Aldis, O. (1975). Play Fighting. New York, NY: Academic Press Benhajali, H., Richard-Yris, M.A., Leroux, M., Ezzaouia, M., Charfi, F., & Hausberger, M. (2008, July). A note on the time budget and social behaviour of densely housed horses. A case study in Arab breeding mares. Applied Animal Behaviour Science (112) 196-200. Available at: Burghardt, G.M. (2005). The Genesis of Animal Play: Testing the Limits. Cambridge, MA: The MIT Press Fagen, R.M., & George, T.K. (1977, September). Play behavior and exercise in young ponies (Equus caballus L.). Behavioral Ecology and Sociobiology (2) 3 267-269. Available at: Hausberger, M., Fureix, C., Bourjade, M., Wessel-Robert, S., & Richard-Yris, M.A. (2012, April). On the significance of adult play: what does social play tell us about adult horse welfare? Naturwissenschaften (99) 4 291-302. Available at: McDonnell, S.M., & Poulin, A. (2002, September). Equid play ethogram. Applied Animal Behaviour Science (78) 2-4 263-290. Available at: Panksepp, J. (2014). Affective Neuroscience: The Foundations of Human And Animal Emotions. Oxford, UK: Oxford University Press Rees, L. (2017). Horses in Company. Wiltshire, UK: The Crowood Press Kathie Gregory is a qualified animal behavior consultant, presenter and author who specializes in advanced cognition and emotional intelligence. Passionate about raising standards and awareness in how we teach and work with animals, she has developed Freewill TeachingTM (, a concept that provides the framework for animals to enjoy life without compromising their own free will. Her time is divided between working with clients, mentoring, and writing. Her first book, A Tale of Two Horses: a passion for free-will teaching, was published in 2015, and she is currently writing her second book about bringing up a puppy using freewill teaching.


BARKS from the Guild/March 2018


A Scientific Grounding and Elevation to Professionalism

Louise Stapleton-Frappell discusses education, business, credentials and ethics along with

her reasons for pursuing her Professional Canine Behavior Consultant title from the Pet


Professional Accreditation Board

A (Hons), PCT-A, CAP3, CTDI DN-FSG1, DN-CPCT2… Wow, that's a lot of letters and I am excited to announce that I have just added some more: PCBC-A (Professional Canine Behavior Consultant – Accredited)! But why, you may ask, do I feel the need to continuously further my education in the field of force-free, reward- and science-based dog training and behavior, and why did I choose to do this via the Pet Professional Accreditation Board (PPAB)? I am sure that you are already aware that the field of dog training is, as yet, an unregulated industry. Whether you live in the United States, the United Kingdom or anywhere else, you will probably be surrounded by people calling themselves dog trainers and offering pet dog classes or even dog behavior consultations. Of these, some will have worked hard to get the right education, to continuously improve their skills and expand their knowledge in the field of force-free training and pet care. Unfortunately, however, there will most likely be many more who have set up shop, minus the education or requisite skills, and are using techniques that are not only outdated but also potentially emotionally and physically harmful to the pets they are working with. I was very fortunate in that I grew up surrounded by beautiful countryside and lots of animals. Border collies, German shepherds and chow-chows were part of the family home. After studying for my Bachelor’s at the University of Leeds in England, I took my first teaching post at a school in Cartagena, Spain. This was soon followed by a permanent move to southern Spain where I added a beautiful German shepherd Doberman cross, Bess, to my family. Thus began my passion for teaching dogs as well as people. When I first started training Bess, “going to school” was not something dog trainers did. At that time, most dog trainers were self-taught or carried out apprenticeships with those already working in the field. While I had no intention of training professionally back then, I did want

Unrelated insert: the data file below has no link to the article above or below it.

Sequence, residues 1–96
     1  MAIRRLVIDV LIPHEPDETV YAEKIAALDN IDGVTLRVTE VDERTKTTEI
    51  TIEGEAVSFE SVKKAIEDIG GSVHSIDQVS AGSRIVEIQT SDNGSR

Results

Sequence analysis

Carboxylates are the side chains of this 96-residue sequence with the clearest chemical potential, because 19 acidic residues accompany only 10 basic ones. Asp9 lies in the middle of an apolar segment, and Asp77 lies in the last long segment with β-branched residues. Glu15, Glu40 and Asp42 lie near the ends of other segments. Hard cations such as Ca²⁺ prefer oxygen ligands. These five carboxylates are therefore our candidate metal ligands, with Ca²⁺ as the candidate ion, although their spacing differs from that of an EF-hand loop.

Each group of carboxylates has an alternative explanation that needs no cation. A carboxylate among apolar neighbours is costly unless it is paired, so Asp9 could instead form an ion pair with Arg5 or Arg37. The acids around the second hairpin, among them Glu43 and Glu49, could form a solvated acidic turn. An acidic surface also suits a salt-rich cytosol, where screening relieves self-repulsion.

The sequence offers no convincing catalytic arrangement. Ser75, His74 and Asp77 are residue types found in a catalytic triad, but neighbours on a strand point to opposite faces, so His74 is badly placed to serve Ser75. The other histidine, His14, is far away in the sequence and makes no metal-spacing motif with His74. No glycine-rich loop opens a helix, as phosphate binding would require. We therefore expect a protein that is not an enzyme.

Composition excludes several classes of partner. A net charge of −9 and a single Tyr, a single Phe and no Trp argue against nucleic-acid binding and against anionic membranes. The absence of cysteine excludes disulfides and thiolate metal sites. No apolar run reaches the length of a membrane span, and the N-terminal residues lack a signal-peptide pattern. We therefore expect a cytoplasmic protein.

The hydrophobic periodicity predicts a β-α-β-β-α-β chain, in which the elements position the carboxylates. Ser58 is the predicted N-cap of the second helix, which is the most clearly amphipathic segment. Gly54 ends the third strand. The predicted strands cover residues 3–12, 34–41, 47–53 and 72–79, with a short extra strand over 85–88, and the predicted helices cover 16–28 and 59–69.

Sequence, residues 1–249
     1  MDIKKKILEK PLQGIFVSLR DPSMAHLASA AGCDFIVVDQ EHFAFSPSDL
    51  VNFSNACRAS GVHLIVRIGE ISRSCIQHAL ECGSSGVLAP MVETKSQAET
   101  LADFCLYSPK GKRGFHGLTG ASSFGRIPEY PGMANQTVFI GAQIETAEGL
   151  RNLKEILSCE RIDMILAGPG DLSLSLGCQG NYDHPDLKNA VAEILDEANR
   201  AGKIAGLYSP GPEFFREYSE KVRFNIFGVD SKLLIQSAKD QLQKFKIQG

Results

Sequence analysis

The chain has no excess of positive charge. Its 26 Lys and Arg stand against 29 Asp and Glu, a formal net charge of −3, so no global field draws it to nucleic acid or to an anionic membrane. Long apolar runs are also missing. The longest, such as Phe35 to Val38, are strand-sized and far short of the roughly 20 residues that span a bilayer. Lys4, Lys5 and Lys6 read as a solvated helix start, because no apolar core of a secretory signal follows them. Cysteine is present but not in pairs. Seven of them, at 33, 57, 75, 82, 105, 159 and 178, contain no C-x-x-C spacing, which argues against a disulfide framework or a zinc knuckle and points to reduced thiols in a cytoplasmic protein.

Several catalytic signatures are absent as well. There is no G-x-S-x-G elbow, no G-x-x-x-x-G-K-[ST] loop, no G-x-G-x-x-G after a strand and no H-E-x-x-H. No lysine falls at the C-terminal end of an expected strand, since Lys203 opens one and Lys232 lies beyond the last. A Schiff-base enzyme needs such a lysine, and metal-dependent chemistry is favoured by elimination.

Photo © Arran Staines Photography